Health Minister Aaron Motsoaledi’s plans for a uniform tariff for healthcare services may prompt doctors to quit the profession or seek jobs overseas, says South African Private Practitioners Forum CEO Chris Archer.
The Medical Schemes Amendment Bill, presented to a Cabinet committee last Tuesday, contains proposals that would introduce a uniform tariff for healthcare providers and put an end to co-payments. Business Day reports that according to Health Minister Aaron Motsoaledi, the intention was to provide greater certainty for consumers and medical schemes.
At present there are no regulations governing the rates that doctors, hospitals and other healthcare providers charge. The report says that this means that two patients who receive identical services may receive different bills and face different out-of-pocket expenses depending on the bargaining power of the medical scheme they belong to, and the rules of the option they choose. If they are presented with a bill for a consultation or procedure that is more than the scheme is willing to pay, they will be liable for the balance.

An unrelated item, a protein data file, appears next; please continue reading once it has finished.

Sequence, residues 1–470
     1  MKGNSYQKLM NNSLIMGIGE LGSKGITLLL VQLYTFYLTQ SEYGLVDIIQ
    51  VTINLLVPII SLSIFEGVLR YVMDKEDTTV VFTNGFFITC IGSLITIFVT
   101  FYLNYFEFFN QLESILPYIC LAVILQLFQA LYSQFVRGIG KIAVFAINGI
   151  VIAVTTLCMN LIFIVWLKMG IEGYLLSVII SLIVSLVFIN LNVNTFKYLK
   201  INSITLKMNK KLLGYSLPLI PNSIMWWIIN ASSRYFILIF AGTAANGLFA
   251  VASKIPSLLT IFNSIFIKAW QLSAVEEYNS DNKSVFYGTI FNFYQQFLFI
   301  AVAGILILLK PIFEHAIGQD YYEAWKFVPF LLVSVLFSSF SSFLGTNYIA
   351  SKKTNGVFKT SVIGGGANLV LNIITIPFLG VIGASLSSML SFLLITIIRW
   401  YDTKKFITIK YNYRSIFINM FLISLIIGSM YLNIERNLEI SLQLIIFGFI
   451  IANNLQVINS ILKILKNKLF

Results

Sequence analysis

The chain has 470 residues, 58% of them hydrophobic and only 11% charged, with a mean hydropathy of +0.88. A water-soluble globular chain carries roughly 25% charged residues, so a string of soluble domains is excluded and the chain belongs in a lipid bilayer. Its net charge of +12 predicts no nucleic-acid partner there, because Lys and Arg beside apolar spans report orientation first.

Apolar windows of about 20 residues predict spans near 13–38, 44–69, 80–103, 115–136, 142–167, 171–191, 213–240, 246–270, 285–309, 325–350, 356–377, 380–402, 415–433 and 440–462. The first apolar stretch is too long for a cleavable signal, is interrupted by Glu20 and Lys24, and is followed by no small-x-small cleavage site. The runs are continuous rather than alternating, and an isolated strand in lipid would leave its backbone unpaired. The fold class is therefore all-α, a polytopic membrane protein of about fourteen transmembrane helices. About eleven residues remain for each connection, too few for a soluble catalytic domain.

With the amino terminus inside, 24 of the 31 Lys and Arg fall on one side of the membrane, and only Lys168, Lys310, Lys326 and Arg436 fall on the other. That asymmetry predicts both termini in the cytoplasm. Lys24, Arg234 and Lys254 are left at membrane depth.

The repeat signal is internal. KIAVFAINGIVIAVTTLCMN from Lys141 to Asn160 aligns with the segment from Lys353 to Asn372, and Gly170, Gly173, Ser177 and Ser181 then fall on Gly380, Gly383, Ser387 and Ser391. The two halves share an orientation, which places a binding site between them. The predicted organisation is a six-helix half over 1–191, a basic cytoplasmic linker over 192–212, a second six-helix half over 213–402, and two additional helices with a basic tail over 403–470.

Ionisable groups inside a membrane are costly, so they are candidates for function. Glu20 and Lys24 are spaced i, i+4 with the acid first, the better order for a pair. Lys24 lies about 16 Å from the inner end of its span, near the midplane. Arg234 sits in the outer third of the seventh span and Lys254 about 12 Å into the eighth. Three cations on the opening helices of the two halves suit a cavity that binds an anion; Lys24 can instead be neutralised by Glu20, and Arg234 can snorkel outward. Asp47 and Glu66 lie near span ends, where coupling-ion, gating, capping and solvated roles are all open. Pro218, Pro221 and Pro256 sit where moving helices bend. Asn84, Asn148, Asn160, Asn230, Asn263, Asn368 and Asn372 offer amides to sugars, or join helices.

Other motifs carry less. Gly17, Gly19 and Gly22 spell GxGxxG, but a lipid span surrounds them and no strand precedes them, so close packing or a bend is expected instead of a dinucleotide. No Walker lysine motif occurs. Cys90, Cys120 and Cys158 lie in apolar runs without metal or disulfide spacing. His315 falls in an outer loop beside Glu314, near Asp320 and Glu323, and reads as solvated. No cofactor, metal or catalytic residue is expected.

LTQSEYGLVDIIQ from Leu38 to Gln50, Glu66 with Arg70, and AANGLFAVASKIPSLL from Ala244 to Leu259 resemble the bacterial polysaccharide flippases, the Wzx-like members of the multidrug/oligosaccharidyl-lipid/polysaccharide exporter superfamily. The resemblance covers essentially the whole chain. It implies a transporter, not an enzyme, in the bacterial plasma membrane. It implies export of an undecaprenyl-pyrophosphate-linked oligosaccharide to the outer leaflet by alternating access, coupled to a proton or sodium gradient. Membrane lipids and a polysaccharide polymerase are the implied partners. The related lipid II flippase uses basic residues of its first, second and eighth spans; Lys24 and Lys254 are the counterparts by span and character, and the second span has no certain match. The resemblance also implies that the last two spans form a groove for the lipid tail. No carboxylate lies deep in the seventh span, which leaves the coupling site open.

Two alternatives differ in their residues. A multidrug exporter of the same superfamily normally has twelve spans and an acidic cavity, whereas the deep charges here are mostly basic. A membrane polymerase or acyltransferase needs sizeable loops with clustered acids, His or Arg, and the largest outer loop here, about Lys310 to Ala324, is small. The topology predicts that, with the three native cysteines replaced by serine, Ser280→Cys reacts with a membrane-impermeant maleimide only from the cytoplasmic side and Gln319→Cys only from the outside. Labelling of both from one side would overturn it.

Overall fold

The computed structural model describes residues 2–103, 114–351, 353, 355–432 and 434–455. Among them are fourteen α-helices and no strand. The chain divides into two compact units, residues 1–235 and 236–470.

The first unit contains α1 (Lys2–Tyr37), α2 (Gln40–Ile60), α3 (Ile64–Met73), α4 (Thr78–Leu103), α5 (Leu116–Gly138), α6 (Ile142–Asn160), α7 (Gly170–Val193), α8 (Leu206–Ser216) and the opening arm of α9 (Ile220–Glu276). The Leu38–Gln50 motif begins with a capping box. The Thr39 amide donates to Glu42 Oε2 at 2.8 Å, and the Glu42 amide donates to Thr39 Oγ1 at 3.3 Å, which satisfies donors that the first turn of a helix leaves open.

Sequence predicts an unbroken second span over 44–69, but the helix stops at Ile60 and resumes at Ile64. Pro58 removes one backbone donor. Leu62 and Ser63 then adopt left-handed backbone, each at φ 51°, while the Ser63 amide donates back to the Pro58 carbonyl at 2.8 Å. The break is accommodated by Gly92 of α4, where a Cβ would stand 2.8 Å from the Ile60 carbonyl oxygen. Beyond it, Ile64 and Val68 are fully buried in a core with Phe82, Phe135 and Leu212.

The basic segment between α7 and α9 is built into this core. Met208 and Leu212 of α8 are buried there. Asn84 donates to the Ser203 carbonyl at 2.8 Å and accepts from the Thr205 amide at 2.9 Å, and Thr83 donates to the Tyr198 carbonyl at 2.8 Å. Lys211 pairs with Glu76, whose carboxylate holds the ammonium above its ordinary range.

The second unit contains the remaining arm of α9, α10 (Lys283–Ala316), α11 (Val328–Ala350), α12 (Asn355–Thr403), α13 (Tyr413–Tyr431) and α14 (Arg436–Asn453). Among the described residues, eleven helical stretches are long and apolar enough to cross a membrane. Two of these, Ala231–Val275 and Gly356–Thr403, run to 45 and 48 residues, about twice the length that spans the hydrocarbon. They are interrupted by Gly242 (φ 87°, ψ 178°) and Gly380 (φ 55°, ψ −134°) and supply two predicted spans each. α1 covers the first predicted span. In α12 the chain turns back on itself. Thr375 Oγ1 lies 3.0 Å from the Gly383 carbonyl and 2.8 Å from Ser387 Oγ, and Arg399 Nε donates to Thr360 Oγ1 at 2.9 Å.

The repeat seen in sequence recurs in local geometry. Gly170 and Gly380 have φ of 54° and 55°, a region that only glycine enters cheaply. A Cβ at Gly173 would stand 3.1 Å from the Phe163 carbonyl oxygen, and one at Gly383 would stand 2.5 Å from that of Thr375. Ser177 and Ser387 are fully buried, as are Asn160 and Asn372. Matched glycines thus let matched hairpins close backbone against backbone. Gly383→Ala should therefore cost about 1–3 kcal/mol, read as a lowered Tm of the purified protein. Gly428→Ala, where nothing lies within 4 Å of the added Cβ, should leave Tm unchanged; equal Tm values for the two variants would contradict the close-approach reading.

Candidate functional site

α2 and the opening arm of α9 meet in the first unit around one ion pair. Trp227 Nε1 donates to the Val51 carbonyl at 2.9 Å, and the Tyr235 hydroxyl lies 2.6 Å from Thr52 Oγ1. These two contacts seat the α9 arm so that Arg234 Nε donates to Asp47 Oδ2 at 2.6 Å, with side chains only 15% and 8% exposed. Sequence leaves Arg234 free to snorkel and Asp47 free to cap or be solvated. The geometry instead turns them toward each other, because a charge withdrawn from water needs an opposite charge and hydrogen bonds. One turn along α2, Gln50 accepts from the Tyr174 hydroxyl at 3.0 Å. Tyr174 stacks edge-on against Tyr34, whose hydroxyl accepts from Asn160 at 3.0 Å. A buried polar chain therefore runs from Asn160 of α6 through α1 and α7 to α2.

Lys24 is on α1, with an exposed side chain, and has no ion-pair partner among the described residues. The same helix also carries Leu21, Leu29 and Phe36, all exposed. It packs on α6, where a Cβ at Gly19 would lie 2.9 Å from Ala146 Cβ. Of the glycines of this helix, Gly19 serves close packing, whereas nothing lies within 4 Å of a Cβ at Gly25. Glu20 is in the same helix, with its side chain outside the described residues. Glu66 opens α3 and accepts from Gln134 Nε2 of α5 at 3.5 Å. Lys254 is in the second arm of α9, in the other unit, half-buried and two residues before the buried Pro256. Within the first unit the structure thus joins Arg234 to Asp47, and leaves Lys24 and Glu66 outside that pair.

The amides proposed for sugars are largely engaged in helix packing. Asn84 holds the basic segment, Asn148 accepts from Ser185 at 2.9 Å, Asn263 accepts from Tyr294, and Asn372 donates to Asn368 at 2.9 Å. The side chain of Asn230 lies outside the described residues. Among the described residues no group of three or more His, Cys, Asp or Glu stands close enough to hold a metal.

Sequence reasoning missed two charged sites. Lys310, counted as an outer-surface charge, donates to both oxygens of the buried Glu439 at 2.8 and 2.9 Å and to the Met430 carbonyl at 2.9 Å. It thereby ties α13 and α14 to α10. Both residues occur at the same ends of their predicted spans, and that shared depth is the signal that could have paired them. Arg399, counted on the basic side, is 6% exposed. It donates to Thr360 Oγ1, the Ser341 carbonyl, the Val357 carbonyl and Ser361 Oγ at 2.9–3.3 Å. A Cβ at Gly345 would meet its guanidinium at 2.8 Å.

The South African Private Practitioners Forum, which represents doctors in private practice, is quoted in the report as saying it was not opposed to a tariff guideline provided it was based on the cost of running a practice. However, doctors should be permitted to charge higher rates if they had good reason to do so, said forum CEO Chris Archer.
“What are they going to use to inform the process (of determining tariffs)? If it is just a thumb-suck, it will cause untold damage to the private sector and a lot of young doctors will be forced into some other form of enterprise or to emigrate. You cannot provide a service below cost,” Archer said.
Read original article here